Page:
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Psoriasis

Psoriasis Skin of Color Alexis

Psoriasis in Skin of Color: Are there differences in Presentation and Treatment?

By | Sessions | No Comments

While previously thought to be a rare diagnosis in non-white racial ethnic groups, more recent data has shown that psoriasis in patients with skin of color is much more common than was once thought. Dr. Andrew Alexis spoke during the Skin of Color Seminar Series (now Skin of Color Update) in New York City on May 5th, 2018 on this condition and on the important differences in clinical characteristics, diagnosis, and treatment of psoriasis in skin of color.

Beginning with the diagnosis of psoriasis in skin of color, it is important to be aware that the classic red plaque typically seen in Caucasian skin may appear more violaceous or even red-brown in our skin of color patients.  This can be confusing with the similar appearing, but histologically unique entity, lichen planus. Pay close attention to the distribution of the plaques—extensor surfaces and asymptomatic will favor psoriasis whereas flexural and pruritic may favor lichen planus. Other conditions that may be more common in our skin of color patients such as sarcoidosis or hypertrophic discoid lupus also need to be considered.

Once a diagnosis of psoriasis is established, it is important to understand the intricacies of treating the psoriasis in skin of color patients. For example, when treating psoriasis of the scalp, it is important to select practices and treatments that are compatible with the patients’ hair care regimen and hair texture. It is critical to determine how frequently patients are washing their hair and how feasible it is for patients to use a daily solution or medication on the scalp. One potential option shown to have clinical benefit is a mixture of calcipotriene and betamethasone dipropionate in a castor oil vehicle.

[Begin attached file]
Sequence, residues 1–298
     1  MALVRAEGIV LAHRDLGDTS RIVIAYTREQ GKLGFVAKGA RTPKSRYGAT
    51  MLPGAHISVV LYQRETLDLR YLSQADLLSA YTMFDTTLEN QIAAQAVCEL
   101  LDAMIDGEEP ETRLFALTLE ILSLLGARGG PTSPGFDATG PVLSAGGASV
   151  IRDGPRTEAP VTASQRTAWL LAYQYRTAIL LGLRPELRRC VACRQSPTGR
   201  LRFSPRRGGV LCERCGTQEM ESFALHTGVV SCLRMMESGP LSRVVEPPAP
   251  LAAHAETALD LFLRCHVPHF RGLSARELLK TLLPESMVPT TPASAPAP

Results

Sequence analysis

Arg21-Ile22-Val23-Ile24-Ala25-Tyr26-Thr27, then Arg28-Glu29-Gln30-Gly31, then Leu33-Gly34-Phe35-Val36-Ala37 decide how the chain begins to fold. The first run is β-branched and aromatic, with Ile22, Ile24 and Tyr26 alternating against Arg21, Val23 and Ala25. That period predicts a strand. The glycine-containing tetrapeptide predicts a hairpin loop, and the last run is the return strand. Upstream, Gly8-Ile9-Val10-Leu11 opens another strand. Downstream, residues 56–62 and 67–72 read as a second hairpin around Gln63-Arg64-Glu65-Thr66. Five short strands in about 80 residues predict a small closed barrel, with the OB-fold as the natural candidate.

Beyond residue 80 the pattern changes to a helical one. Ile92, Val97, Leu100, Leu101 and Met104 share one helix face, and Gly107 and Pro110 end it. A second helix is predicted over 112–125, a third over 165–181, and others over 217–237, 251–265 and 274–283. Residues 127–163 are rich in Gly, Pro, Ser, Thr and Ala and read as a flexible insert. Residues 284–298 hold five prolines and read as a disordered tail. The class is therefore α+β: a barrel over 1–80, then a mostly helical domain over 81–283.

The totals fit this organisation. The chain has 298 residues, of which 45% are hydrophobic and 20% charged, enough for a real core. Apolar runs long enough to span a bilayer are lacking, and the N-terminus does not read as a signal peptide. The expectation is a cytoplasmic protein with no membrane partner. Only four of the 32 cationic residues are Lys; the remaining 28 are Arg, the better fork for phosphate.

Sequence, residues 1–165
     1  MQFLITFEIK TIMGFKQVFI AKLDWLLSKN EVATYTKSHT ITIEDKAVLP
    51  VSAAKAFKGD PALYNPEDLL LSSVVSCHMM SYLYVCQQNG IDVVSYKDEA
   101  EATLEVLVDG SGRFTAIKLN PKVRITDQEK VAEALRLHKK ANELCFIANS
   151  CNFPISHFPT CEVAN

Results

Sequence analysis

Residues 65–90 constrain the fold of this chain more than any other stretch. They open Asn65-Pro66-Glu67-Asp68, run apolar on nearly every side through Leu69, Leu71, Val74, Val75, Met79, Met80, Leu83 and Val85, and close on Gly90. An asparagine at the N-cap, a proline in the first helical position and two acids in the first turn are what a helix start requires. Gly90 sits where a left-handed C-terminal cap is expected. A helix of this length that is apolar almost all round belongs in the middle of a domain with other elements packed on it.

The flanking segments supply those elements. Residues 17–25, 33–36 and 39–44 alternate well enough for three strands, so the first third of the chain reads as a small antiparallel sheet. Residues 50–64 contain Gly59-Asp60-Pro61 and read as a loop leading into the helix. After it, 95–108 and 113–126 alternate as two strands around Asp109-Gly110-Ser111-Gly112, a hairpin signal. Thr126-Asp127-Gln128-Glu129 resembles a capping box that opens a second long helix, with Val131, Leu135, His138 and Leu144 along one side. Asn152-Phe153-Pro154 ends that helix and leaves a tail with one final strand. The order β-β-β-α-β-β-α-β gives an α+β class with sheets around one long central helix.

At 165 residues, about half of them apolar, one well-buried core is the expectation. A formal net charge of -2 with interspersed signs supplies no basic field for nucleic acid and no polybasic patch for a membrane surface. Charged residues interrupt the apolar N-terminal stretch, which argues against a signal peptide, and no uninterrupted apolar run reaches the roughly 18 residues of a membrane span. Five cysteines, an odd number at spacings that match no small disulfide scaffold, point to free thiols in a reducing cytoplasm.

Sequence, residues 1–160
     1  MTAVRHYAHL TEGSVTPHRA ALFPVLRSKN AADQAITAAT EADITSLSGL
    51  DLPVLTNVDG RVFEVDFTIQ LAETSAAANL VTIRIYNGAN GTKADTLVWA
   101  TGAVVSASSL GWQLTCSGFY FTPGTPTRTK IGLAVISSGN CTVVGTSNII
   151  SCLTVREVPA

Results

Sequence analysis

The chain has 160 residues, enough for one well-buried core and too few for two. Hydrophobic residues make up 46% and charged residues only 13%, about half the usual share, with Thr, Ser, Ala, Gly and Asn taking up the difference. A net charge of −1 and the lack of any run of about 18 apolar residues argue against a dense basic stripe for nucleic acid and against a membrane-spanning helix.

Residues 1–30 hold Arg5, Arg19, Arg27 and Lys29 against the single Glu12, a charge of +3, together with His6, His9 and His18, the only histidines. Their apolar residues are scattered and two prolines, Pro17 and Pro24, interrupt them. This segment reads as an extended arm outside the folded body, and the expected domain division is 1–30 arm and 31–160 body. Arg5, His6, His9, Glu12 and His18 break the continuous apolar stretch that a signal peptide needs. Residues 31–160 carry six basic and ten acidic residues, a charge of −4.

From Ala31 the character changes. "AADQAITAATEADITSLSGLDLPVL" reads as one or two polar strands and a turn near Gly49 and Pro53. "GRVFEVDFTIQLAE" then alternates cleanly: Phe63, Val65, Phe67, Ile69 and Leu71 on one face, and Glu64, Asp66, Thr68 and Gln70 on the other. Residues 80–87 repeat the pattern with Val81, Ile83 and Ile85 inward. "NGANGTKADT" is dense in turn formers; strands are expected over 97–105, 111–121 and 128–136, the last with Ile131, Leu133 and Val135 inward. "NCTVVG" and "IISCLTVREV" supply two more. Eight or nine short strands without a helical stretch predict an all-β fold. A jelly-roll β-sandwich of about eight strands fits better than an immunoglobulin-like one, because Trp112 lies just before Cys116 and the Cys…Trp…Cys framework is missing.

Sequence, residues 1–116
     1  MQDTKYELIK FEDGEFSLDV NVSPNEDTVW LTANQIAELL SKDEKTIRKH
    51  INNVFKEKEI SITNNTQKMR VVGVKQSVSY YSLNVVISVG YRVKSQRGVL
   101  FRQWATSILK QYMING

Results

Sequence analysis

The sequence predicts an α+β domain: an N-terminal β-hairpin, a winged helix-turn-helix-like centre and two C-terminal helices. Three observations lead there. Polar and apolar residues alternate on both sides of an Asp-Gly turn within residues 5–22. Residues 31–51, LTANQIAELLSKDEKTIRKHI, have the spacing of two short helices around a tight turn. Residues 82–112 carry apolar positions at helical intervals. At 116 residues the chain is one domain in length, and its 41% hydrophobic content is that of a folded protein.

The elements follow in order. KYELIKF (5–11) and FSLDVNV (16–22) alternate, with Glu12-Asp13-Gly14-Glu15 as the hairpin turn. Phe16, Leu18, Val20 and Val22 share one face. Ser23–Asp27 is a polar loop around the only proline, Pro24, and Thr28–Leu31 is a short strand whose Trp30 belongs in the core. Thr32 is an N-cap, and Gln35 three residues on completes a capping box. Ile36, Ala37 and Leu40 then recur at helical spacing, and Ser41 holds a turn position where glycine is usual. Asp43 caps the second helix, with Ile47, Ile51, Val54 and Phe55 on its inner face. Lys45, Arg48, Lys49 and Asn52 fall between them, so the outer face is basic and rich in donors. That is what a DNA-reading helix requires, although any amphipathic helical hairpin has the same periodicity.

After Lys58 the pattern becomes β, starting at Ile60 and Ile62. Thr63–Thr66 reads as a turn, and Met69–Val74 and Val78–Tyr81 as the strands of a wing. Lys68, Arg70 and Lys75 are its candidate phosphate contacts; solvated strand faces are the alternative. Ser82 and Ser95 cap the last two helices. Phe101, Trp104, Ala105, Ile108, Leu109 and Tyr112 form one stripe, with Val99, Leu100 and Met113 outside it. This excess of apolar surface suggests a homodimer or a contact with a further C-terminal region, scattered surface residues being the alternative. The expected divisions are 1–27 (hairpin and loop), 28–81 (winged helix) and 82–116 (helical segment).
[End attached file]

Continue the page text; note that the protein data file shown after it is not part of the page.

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Excerpt provided with permission. Originally published by Next Steps in Dermatology. All rights reserved.

Treating Scalp Psoriasis in Women of African Descent

By | Sessions, Skin of Color Update Agenda | No Comments

Dr. Andrew Alexis is the Chair of the Department of Dermatology at Mount Sinai St. Luke’s and Mount Sinai Roosevelt. He is also Associate Professor of Dermatology at the Icahn School of Medicine at Mount Sinai. Dr. Alexis is the Co-Chair of the Skin of Color Seminar Series in New York City. During the 2017 conference he provided practical pearls and treatment outlines for skin of color patients with scalp psoriasis.

Dr. Alexis recommends selecting a treatment regimen that is compatible with the patient’s hair care practices including less frequent hair washing in women of African descent (typically once per week to once every other week). Daily hair washing, especially with most prescription shampoos, is often associated with increased hair dryness and breakage. In addition, it is also very time consuming for most women of African descent due to common styling practices.

Suggested Regimen for African-American Females:

  • Once weekly washing with prescription shampoo. This may be increased to two times a week depending on the severity and patient preferences
  • Continue with usual conditioner
  • Once weekly topical fluocinolone acetonide in peanut oil vehicle applied to the scalp for 6-8 hours overnight prior to washing or several times per week without washing
  • Once to twice daily application of POTENT topical steroid in vehicle that is compatible with hair care practices and hair texture (e.g. lotion, emollient foam, oil > gel, solution, ethanolic foam) Ask the patient for vehicle preferences
  • Alternative: calcipotriene and betamethasone dipropionate topical suspension daily

Attendees at the Skin of Color Seminar Series May 5-6 in NYC will have the opportunity to dig deeper into psoriasis treatment in skin of color patients as Dr. Alexis gives his latest updates, pearls and therapeutic insights and also personally answers attendees’ most pressing questions.